Answers may vary, but we prompt the students that in many games (e.g. Angry Birds) we always start from the same position (we have the same chance of winning). That is why it is worth entering into the script a command which will set the Mouse in a certain position after starting the programme.
Tip ikonka.png Tip
Because students may be unfamiliar with the Cartesian coordinate system, at this point we can give them a brief introductory presentation by drawing the coordinate system on the board. Then we show them how to read a given sprite’s position in Scratch.
Scr old e 2 10.jpg

Task: After our explanation we ask the students to find the right blocks and add them to the Mouse script in such a way as to make the Mouse, by default, always start in the middle of the right side of the stage and look towards its centre (i.e. left).

Students should find the blocks got to x: y: and set the direction to <90>. They should not find it difficult set the direction to the left (-90) – one of the additional tasks in Module I was to set the sprite facing a specific direction (up, down, left, right).

Scr old e 2 11.jpg

Students often incorrectly place blocks in the script (in the always loop instead of before it). If necessary, we ask a student who has managed to properly insert the blocks to demonstrate the right solution, and then we start a discussion about what would happen if we placed the blocks somewhere else.

Scr old e 2 14.jpg

Planning and programming the Kitten’s behaviour

Time to complete this part: about 15 minutes

We summarize that we have already developed the Mouse script, and now it is the time to take care of the Kitten. We ask the students whether in games is it always people who control the characters.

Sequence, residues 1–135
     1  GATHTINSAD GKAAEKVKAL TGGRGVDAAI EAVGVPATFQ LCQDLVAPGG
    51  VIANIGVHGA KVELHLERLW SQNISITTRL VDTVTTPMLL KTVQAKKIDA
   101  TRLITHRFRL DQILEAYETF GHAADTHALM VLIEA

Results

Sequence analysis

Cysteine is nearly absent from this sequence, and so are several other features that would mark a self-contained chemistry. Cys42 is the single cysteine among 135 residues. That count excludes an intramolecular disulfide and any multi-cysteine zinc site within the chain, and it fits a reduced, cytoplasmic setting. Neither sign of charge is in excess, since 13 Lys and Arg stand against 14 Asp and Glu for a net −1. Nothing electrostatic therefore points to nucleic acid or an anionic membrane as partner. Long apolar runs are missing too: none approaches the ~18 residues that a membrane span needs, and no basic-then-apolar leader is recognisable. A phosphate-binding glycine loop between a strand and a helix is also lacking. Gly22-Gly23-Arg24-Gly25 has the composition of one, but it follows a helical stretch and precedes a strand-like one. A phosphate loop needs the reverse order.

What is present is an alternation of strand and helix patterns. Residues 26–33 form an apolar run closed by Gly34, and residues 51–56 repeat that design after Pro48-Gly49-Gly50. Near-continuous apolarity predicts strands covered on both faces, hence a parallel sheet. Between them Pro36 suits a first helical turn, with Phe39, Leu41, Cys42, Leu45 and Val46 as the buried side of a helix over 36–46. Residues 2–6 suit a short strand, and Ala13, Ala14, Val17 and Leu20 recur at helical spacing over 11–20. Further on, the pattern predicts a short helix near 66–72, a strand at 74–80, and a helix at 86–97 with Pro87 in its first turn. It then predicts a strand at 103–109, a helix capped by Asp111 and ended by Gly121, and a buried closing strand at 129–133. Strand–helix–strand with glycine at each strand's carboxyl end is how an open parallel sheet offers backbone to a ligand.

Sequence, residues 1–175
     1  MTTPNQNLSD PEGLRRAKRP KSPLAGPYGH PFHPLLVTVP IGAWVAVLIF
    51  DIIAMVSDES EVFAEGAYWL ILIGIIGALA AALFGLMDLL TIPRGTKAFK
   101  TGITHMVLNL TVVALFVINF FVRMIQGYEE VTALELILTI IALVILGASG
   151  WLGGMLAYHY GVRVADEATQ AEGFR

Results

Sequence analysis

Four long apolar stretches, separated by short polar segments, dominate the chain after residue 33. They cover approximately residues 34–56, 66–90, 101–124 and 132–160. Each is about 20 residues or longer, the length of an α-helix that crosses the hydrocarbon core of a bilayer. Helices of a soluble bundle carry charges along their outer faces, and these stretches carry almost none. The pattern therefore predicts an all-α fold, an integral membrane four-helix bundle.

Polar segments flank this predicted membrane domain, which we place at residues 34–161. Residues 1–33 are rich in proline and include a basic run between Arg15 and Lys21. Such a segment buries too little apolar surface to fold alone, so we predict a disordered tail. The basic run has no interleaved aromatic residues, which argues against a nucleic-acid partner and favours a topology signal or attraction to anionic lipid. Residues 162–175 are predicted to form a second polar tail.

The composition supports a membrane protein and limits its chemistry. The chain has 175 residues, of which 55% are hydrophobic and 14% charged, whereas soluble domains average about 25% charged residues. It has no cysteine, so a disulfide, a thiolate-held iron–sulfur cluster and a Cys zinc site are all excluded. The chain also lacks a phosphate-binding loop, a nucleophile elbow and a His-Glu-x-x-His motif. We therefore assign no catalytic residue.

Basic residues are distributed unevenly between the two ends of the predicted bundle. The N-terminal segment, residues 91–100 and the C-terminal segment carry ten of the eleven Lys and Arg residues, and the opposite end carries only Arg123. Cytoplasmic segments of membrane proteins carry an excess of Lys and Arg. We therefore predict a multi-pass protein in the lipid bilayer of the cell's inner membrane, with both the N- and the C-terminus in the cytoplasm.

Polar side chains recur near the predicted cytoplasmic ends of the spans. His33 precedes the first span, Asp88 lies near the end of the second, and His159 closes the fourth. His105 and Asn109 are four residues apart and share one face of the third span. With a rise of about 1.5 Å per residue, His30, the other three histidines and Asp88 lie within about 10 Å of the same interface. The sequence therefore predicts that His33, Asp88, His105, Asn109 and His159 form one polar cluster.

We talk about how often a player's task is to defeat a character controlled by the computer. We explain that this will be the case with the Kitten. We discuss how the computer is to control the Kitten.

On the board, just as we have done for the Mouse, we should write out the tasks for the Kitten. For example:

The Kitten:
  1. Appears on the screen in a particular place
  2. Turns toward the centre of the stage
  3. Always:
    • Moves toward the Mouse sprite
    • If it touches the Mouse sprite
      • It says <I’ve caught the Mouse!>
      • It ends the game
    • Moves a little forward

We conduct a discussion on the following topic: In order to make the game more interesting, whose chances should be better?

We should consider whether the Kitten should move faster or slower than the Mouse. How is it in real life, and how should it be in the game? Do we want the player to have a better chance to make the Mouse escape or should the Kitten have a better chance to catch the Mouse? At first it is worth proposing that the Kitten be slower, i.e. move it by 1 step (point 3c).